Tuesday, April 28, 2009

The Examiner Shares her Experiences with Bobby Long & Sam Bradley

Amanda Bell, the Twilight Examiner, was blessed to spend a couple evenings with Bobby Long & Sam Bradley while in Nashville last week. Let's listen in to the excitement and entertainment of the nights, as well as, the respect and pride these two amazing men share for each other.

Walking into 3rd and Lindsley on the first night of their shared performance, the atmosphere of the entire place is decadent with peace and adoration. Hundreds of fans sit and stand in awe of the powerful radiance on-stage as Bobby Long strums his fingers across the strings and propels the inertia of his soul with the voice of each song. Between pieces, gentle anecdotes and off-the-cuff quips about his love of performance and the gratitude of his circumstance put smiles on the faces and warmth into the hearts of all within earshot.

Long explains that when he was introduced to Sam, Robert Pattinson, and Marcus Foster by Phil Taylor, he was nervous because the three had a long-standing friendship dating back to their schooldays. Yet, says Bobby, he was welcomed to the group without incident, and they have been close ever since. When Mark shows interest in the fact that Sam and Bobby have not always been musicians, yet they are quite skilled and disciplined, Long explains, “I just looked at the guitar and said, ‘I will play you.’” Continues Long, “it’s a weird sort of work ethic. As soon as I’m done with one show, it’s like all I can think about is tomorrow - the next one.” Sealed with a sturdy embrace, Long and Bradley make their way back inside.

Long tells me of the precariousness of a performing artist’s mindset. Says he, “it’s like your brain is split in two. On the one side,” he says placing his hand above his left eye, “you’re concentrating on the words, the notes of the song and your performance, and on the other,” pulling his hand to the right, “you’re watching the crowd, seeing their reactions, and hoping they’re enjoying your work.”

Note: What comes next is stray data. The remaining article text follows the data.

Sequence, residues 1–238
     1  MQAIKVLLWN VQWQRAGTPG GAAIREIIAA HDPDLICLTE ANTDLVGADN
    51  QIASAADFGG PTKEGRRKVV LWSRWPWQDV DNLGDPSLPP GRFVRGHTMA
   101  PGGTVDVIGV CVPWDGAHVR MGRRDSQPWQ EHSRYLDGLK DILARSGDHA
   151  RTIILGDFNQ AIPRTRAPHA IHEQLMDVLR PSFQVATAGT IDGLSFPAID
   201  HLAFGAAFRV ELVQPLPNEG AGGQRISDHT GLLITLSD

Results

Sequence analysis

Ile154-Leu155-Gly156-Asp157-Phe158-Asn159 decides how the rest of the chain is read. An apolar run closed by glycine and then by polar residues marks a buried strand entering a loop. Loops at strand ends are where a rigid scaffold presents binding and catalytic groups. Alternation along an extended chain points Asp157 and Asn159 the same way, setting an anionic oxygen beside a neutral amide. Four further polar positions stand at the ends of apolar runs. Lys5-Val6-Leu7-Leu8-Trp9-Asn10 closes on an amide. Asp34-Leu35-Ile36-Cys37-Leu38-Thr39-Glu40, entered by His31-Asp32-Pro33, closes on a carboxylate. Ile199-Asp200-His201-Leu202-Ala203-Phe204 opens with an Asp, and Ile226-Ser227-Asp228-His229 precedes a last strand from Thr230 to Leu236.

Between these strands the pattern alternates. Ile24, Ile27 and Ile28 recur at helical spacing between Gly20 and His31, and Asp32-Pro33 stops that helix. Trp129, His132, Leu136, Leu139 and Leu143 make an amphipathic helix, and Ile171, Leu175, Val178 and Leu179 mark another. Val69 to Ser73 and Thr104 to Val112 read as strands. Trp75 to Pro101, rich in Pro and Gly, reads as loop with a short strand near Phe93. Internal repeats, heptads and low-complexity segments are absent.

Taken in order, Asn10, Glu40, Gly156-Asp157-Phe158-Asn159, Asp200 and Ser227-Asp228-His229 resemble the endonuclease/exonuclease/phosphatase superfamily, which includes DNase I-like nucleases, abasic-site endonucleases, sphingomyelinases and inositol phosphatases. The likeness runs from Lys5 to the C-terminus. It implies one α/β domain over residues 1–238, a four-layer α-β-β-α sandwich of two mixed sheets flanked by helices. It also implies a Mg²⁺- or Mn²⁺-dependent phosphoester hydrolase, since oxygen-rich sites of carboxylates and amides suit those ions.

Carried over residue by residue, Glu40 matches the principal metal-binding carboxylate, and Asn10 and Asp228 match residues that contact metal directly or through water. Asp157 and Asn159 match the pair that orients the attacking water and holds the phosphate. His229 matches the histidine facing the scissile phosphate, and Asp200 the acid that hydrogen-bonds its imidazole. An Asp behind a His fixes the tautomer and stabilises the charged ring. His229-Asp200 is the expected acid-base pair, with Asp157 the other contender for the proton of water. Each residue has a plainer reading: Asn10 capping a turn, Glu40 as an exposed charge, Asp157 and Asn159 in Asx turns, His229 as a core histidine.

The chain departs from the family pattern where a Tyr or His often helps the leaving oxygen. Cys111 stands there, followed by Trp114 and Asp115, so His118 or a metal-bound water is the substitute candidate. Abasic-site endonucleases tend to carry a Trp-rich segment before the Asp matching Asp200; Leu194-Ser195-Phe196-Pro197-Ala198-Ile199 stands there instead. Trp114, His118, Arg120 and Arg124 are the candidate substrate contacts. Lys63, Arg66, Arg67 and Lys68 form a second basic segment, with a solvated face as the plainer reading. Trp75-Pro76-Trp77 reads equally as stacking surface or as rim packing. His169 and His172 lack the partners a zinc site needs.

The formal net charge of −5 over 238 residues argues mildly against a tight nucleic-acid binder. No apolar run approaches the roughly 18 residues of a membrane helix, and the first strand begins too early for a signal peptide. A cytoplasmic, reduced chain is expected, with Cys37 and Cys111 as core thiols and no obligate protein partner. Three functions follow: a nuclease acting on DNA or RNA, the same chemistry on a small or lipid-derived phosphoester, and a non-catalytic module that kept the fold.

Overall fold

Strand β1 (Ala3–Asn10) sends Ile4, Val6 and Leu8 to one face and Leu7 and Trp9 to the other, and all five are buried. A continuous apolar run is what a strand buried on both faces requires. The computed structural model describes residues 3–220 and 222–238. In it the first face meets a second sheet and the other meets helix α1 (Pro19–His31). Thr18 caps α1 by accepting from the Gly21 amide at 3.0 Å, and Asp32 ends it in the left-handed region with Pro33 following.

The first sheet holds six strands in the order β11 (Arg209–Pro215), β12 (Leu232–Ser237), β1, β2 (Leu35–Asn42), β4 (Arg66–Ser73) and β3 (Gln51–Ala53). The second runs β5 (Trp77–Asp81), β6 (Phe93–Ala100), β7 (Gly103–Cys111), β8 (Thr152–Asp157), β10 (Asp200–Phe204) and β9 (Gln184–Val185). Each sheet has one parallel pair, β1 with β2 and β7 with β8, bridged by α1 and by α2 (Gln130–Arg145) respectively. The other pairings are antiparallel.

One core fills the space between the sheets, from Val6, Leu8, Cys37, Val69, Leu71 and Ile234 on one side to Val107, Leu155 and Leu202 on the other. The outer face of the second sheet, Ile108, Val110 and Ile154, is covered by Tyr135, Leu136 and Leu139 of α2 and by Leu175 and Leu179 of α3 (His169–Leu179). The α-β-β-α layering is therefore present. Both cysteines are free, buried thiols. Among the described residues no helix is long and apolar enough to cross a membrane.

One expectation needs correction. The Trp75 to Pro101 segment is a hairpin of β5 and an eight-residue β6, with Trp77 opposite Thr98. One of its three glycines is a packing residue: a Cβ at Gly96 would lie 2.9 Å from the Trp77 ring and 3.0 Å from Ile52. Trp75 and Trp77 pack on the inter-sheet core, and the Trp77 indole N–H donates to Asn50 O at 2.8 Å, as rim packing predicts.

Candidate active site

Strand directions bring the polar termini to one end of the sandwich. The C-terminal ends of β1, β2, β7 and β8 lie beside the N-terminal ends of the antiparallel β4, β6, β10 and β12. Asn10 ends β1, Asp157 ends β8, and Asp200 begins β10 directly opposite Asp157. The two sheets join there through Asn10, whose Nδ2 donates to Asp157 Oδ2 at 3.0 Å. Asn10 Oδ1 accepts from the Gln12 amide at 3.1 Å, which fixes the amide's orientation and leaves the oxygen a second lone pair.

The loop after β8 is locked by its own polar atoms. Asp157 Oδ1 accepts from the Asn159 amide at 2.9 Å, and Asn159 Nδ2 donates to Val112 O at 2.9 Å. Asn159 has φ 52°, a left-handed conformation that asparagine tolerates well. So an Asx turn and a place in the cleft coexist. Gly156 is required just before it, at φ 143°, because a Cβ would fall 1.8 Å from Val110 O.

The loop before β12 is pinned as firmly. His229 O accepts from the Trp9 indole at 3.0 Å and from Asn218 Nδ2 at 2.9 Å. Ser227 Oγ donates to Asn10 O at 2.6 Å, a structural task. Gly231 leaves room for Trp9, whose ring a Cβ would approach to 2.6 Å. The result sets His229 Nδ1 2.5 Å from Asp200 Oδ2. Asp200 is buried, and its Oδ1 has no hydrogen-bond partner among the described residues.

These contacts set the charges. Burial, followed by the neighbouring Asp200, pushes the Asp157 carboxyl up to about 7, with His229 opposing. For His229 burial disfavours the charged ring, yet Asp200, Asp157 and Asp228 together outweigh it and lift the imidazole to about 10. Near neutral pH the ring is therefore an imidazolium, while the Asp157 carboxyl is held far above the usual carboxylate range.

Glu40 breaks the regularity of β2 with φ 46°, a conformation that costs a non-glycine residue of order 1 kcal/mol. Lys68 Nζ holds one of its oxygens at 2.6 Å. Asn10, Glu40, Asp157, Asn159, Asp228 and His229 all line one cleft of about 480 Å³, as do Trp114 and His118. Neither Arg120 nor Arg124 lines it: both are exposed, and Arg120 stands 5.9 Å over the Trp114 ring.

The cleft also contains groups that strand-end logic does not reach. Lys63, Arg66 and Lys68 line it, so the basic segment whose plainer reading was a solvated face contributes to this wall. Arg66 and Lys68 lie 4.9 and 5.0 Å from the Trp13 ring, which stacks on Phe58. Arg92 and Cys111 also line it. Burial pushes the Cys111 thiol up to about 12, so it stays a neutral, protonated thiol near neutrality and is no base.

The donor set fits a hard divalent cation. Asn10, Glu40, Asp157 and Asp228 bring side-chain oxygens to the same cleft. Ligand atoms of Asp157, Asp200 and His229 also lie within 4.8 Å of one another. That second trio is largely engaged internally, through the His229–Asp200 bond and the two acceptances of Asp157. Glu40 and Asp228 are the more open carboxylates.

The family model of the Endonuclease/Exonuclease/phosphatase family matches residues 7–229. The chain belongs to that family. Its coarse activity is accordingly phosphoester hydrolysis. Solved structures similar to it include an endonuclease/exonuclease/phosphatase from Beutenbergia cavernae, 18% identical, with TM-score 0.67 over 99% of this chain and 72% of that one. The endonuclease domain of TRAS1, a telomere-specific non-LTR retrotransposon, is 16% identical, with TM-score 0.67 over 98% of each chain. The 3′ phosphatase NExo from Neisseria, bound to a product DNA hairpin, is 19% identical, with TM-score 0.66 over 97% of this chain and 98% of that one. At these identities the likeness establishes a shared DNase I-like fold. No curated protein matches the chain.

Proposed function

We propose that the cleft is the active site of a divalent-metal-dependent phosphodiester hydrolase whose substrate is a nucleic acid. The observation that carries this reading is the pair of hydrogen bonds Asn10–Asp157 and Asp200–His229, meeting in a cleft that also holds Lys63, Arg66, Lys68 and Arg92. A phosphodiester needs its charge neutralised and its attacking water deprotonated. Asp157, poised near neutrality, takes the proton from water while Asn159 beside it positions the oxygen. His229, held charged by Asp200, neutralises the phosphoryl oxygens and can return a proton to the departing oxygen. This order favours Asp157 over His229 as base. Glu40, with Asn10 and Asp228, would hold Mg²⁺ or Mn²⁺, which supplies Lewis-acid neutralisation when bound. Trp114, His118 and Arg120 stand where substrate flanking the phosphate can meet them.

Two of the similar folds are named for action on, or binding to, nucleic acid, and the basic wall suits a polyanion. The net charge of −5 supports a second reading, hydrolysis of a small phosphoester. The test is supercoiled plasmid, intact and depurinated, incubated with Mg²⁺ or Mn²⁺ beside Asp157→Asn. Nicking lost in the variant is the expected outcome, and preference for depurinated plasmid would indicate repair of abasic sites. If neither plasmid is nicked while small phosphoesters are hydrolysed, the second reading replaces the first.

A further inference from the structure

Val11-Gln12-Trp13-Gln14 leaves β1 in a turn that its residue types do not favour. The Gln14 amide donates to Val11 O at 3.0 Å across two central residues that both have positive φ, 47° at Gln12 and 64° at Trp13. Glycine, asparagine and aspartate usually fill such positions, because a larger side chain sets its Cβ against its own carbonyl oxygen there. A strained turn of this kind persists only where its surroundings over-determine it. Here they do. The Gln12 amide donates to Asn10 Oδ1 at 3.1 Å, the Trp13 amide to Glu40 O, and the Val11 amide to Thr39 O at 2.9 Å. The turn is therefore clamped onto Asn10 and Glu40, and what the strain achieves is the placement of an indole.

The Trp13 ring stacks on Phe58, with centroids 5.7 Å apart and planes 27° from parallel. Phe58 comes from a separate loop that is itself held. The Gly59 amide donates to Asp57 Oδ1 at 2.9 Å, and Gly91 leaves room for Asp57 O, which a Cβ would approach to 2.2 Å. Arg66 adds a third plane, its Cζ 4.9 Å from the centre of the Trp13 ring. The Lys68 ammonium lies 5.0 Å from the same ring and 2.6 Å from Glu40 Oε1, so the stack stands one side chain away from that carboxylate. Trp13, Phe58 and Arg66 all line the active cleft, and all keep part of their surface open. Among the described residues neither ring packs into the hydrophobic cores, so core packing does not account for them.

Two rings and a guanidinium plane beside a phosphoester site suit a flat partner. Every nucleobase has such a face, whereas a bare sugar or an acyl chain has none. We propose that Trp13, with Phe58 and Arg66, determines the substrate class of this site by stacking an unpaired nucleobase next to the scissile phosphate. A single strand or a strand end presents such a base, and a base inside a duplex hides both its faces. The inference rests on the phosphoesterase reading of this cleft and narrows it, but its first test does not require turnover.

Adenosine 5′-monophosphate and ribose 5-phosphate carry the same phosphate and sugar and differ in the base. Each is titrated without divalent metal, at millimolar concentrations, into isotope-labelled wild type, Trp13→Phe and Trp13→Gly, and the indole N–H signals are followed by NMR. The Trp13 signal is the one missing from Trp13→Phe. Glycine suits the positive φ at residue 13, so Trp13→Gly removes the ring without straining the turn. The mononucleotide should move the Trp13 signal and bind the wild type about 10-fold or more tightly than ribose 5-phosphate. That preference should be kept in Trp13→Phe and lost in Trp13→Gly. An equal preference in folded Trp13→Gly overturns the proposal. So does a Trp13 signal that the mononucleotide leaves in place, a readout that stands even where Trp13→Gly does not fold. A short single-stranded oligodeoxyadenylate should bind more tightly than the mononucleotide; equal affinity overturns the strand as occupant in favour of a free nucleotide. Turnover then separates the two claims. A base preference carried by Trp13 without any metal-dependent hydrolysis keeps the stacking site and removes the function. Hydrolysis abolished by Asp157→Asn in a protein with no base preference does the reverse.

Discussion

Cool and collected, Sam Bradley has his game face on. Explaining that he wants to start with one that is not his favorite, he begins with “You Think You’re Free,” and has his audience captivated from the start. With subtle coordination, the next song, “Whiskey,” is accompanied with a readied hand to bring him a glass of the same by his friend. The laughter and smiles take hold of the place, and Bradley is no exception. He treats the crowd with a surprise song that he never plays, but which he claims is available on Reverb Nation, “Paradise.” His fans are unabashedly thrilled. Before performing his song “Too Far Gone,” Bradley tells the audience that “the girl that this was written about called me today. She saw me on TV. Now she wants to talk.” As the audience chimes in to fill the space where Bradley’s words would be, he smiles with accomplished delight and simply says, “it’s magic.” Bradley also takes the crowd back a few decades as he proves the powerful range of his beautiful voice by singing “That’s How Strong My Love Is” by O.V. Wright. Technically superb and soulfully delivered, the song’s beauty is unforgettable, and it only strengthens the crowd’s want for more.

Gripping the audience from his very first word of introduction, Long delivers on his very well thought-out set list from song one. Progressing from his more calm and surrendering pieces like “So Tear Me Up” and “Being a Mockingbird” to more involved and cogent pieces such as “Dead and Done” and “Who Have You Been Loving” (which he dedicated to Sam Bradley), Long’s performance is fluid and transformative. Clearly, the flow was intentional and selective. Though he had said at the house he was planning on only ten songs, by the twelfth song, Long is still amped and ready to go. He turns around and walks toward the closing curtains, matched with muffled groans of sorrow from the audience, only to turn back around with a harmonica in hand. Wrapping its holster around his head, the audience bursts into excited applause. They know what this means; it means he’ll be performing “Dublin’s There for Me.” With many thanks to the audience once more, he explains that he hasn’t done the song in a while (the reason, he would later explain to me, is because he “sort of forgot about it”). With the first sharp note from the harmonica, tears careen down a nearby woman’s face as she watches and listens in awe.

There is much, much more to Amanda's article that I know you will enjoy. Please visit her page and let her know you loved it as much as I did.

Bobby singing 'Penance Fire Blues', my new favorite!

Sam performing the song his mom, Lee Lindsey, wrote called 'Like a River'


  1. Great article!!! I love hearing about all of this, since I couldn't be there. Bobby & Sam are wonderful!

  2. Love them both. Bobby is so amazing. Such beautiful music. Loved seeing him perform and can't wait for a chance to see Sam!